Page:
The four-year analysis by the rewilding charity Trees for Life, published today, warns that most of the woods are "on a knife-edge" and could become the last generation in a line stretching back to the last Ice Age.
The woodlands form a rich habitat found nowhere else in the world, and some are thousands of years old. Home to declining wildlife such as red squirrels, capercaillie and crossbills, only 42,000 acres of the original pinewoods survive.
Major threats identified in the report include high deer numbers, the spread of non-native conifers, lack of long-term management and emerging impacts of climate breakdown.
Trees For Life has now called for urgent action including dedicated and easily accessible long-term funding so that private landowners can save and restore their pinewoods and look after them in the future.
The charity is also calling for full implementation of proposed national measures to reduce deer numbers, as well as action to allow the pinewoods to expand into cooler areas such as higher up mountains in response to climate change.
Steve Micklewright, Trees for Life’s Chief Executive, said: "Our findings are an alarm bell for Scotland’s Caledonian pinewoods, which are such an important part of the country’s culture and environment.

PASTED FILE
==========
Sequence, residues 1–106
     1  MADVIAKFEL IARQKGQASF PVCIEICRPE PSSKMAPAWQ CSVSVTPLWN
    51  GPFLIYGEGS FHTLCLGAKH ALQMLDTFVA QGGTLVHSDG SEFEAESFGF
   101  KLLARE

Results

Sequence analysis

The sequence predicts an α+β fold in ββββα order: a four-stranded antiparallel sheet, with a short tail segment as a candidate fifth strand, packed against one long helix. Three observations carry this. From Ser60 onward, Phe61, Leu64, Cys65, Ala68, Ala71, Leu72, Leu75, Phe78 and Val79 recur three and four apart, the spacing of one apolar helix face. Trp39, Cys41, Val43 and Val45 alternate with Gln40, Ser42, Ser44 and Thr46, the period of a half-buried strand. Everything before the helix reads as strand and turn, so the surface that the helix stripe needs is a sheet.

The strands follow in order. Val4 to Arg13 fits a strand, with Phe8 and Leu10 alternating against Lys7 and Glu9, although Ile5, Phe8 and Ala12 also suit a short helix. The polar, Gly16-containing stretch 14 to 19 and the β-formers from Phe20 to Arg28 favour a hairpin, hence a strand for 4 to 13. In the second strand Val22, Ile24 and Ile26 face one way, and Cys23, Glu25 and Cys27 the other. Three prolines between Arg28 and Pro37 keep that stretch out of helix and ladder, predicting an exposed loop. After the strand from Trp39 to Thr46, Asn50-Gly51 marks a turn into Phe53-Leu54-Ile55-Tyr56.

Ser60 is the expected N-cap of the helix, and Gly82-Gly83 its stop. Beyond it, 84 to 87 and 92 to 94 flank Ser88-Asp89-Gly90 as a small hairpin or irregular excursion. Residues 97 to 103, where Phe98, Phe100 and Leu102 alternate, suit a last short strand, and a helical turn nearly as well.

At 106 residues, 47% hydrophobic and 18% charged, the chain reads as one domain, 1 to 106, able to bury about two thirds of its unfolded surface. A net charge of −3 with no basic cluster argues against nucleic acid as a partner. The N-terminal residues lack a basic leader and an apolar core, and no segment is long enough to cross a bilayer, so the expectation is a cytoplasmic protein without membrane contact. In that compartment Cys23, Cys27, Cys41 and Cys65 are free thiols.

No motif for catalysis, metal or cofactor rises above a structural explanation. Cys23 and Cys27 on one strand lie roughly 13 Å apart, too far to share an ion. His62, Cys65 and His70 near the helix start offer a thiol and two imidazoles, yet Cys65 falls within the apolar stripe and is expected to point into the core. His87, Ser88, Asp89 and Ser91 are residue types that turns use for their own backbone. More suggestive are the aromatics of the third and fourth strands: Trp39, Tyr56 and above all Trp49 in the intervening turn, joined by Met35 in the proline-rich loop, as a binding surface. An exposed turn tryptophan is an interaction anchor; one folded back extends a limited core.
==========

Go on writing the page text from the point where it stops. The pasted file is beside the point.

"The majority of the surviving fragments are now on a knife-edge, and bold action is needed to save them from being lost forever. A landscape-scale approach backed by the Scottish Government is urgently needed to save, expand and connect up these precious woodlands before it is too late."
The Caledonian Forest once covered much of the Highlands, but following centuries of deforestation only around two per cent survives.
Over the past four years, Trees for Life assessed the state of 72 of the remaining 84 fragments of the ancient pinewoods, scattered across the Highlands from Loch Lomond, northwards to near Ullapool, and eastwards to Glen Ferrick near Aberdeen.
In one of the most comprehensive surveys of the pinewoods ever undertaken, the team carried out detailed studies of more than 1200 half-acre plots in total across the sites. The report, "Caledonian Pinewoods: Findings from the Caledonian Pinewood Recovery Project", found that Scotland’s national tree, the Scots pine, was in serious decline at a quarter of the plots.
High impacts from artificially large deer populations were found to be the main barrier to the pinewoods’ recovery. The study found that deer were having serious impacts in around two-thirds of the plots by eating pine saplings, stripping important vegetation and causing some pinewoods to be replaced by birch.
Non-native conifers, originally planted in the 1950s, are still present in a third of the plots.